The funeral service took place at the St Paul’s Anglican Church on Harris Promenade, San Fernando and was attended by hundreds of mourners including Prime Minister Dr Keith Rowley, former Prime Ministers Patrick Manning and Basdeo Panday, a line up of government ministers and senators as well as members of Parliament from both sides of the House and a list of other prominent persons in society.
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Lowest common denominator

By Raffique Shah
September 21, 2015

Raffique ShahLast week, at the opening of the new law term, two main speeches were delivered.

The first was a feature address by former President of the Republic and principal of the UWI St Augustine campus, Professor Max Richards. The second was the customary speech by the Chief Justice, a kind of state-of-the-Judiciary report which, I submit, is a veritable regurgitation of judicial woes that can be re-read year after year with only minor changes to the text.
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Shooting the messenger

Newsday Editorial
September 19, 2015 –

President Professor George Maxwell RichardsFORMER President George Maxwell Richards must be doing something right. With just one speech, he’s managed to upset all sides of the political divide.

Before he had even finished his remarks delivered at the religious service held to mark the opening of the Law Term on Wednesday, detractors wrongly speculated he had made an error; that his remarks were not intended for the occasion.
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It could cut both ways for UNC or PNM

September 15, 2015 –

PNM vs UNCA British-based attorney yesterday, said the Opposition United National Congress’ (UNC) election petition could cut both ways, as the ruling People’s National Movement (PNM) could claim it also lost votes due to the extension of voting time in the election held two Mondays ago.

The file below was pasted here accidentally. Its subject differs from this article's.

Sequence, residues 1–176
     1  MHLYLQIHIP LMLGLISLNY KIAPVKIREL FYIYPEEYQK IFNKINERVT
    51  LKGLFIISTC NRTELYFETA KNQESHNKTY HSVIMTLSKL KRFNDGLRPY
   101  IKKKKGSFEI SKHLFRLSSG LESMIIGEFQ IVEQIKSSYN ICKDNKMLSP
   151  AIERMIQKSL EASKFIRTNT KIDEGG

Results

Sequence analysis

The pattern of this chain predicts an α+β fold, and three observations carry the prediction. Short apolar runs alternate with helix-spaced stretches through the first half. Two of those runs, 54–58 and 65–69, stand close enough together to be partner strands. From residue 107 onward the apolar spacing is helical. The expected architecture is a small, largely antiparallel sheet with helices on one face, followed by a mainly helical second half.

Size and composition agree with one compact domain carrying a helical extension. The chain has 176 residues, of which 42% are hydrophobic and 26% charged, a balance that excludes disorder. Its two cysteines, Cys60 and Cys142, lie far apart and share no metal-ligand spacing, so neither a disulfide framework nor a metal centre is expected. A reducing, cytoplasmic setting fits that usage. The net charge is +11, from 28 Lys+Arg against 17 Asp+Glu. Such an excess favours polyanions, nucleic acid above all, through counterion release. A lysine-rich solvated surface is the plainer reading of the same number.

Attorney Anand Beharrylal, who specialises in constituional law, however supported the UNC’s petition on the basis that the courts need to lay down the law on the powers of the Elections and Boundaries Commission (EBC) relating to extending the time for voting, without consulting political parties.
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Clarify property tax

Newsday Editorial
August 25 2015 –

HouseUNFORTUNATELY all of the barbs being exchanged in relation to the question of a proposed property tax have distracted us from the deeper question: what is the policy of both of the major parties on the imposition of taxes on property assets generally? The property tax was a proposal of the last PNM administration and it would have introduced a brand new regime of taxation which would be tied to the rental and taxable values of property.
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7-year-olds can be charged

By Alexander Bruzual
Monday, August 17, 2015 –

ViolenceWith two children, aged 11 and 13, currently before the courts on charges of manslaughter, several members of the public have taken to social media questioning at what age can a child be held criminally responsible for their actions, and if it was right that children be made to face such a serious charge.

However, many people may be shocked to know that the age for criminal responsibility in Trinidad and Tobago is actually seven years.